Russian opposition leader Aleksei Navalny won the European Parliament’s annual human rights honour, the Sakharov Prize for Freedom of Thought, for his work to expose corruption and measures to curtail freedoms in Russia.
Navalny was chosen as the recipient of the prize by European legislators on October 20, according to the European People’s Party Group, after being shortlisted with a group of Afghan women and a jailed Bolivian opposition leader.
“He has campaigned consistently against the corruption of Vladimir Putin’s regime, and through his social-media accounts and political campaigns, Navalny has helped expose abuses and mobilize the support of millions of people across Russia. For this, he was poisoned and thrown in jail,” European Parliament President David Sassoli said in a statement announcing the award.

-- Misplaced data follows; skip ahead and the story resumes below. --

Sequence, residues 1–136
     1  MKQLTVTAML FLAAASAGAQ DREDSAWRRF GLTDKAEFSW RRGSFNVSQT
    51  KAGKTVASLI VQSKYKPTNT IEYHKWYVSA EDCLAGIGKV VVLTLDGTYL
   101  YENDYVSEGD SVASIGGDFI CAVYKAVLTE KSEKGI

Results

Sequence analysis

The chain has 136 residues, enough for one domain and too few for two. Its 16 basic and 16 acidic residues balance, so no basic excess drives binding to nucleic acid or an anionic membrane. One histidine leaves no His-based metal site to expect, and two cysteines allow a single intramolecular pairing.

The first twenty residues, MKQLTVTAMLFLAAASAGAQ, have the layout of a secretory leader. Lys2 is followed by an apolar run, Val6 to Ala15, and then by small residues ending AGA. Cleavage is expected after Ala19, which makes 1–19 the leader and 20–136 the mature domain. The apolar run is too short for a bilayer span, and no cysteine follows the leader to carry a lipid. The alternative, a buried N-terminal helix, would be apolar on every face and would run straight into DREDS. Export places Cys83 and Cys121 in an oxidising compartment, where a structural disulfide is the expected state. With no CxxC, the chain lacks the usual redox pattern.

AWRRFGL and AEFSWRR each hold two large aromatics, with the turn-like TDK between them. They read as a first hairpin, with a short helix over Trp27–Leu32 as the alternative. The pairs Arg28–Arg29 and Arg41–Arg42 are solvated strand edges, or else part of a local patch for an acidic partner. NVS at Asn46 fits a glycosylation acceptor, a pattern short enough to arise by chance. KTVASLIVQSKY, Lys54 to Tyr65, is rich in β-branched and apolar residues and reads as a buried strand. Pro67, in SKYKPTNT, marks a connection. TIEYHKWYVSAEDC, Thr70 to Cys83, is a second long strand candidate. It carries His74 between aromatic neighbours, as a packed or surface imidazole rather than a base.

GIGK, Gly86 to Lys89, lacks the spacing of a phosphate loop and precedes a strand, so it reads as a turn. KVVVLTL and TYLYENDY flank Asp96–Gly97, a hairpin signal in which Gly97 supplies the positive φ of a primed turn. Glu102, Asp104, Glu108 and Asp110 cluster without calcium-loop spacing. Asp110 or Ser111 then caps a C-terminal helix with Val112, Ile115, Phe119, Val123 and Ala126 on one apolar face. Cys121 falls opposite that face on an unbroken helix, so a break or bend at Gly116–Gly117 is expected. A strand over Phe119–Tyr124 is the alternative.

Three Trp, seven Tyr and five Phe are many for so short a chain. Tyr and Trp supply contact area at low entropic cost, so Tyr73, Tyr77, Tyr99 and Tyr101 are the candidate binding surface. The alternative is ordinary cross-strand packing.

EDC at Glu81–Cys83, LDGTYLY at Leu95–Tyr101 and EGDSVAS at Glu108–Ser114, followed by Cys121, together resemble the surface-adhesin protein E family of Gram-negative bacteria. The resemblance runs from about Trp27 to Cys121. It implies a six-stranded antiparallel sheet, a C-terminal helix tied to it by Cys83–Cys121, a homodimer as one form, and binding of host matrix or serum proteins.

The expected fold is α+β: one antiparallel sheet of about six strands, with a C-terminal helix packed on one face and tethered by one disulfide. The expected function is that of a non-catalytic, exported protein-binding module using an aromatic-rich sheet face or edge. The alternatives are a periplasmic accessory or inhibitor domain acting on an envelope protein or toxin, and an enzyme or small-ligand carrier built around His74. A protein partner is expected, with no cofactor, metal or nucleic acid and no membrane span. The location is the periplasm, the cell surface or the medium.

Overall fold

Every year, the Sakharov Prize, named after Soviet dissident Andrei Sakharov, is presented to people working for human rights or democracy.
Last year’s prize of 50,000 euros ($58,000) went to a movement in Belarus challenging President Alexander Lukashenko, a close supporter of Russian President Vladimir Putin.
The award will be presented during a plenary session of the European Parliament in Strasbourg in December.
The other nominees for the prize were a group of Afghan women for their battle for women’s rights in Taliban-run Afghanistan, and Jeanine Anez, a former Bolivian president who is currently imprisoned on allegations of organising a coup in 2019.